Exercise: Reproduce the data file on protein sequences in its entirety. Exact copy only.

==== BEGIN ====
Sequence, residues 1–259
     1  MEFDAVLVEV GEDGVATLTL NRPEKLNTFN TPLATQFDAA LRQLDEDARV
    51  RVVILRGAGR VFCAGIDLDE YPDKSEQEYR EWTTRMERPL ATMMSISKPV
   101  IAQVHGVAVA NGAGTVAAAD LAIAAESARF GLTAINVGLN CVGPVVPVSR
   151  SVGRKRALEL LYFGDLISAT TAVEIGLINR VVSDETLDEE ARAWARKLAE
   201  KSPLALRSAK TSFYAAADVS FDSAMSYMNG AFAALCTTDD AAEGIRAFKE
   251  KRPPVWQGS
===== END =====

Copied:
Sequence, residues 1–259
     1  MEFDAVLVEV GEDGVATLTL NRPEKLNTFN TPLATQFDAA LRQLDEDARV
    51  RVVILRGAGR VFCAGIDLDE YPDKSEQEYR EWTTRMERPL ATMMSISKPV
   101  IAQVHGVAVA NGAGTVAAAD LAIAAESARF GLTAINVGLN CVGPVVPVSR
   151  SVGRKRALEL LYFGDLISAT TAVEIGLINR VVSDETLDEE ARAWARKLAE
   201  KSPLALRSAK TSFYAAADVS FDSAMSYMNG AFAALCTTDD AAEGIRAFKE
   251  KRPPVWQGS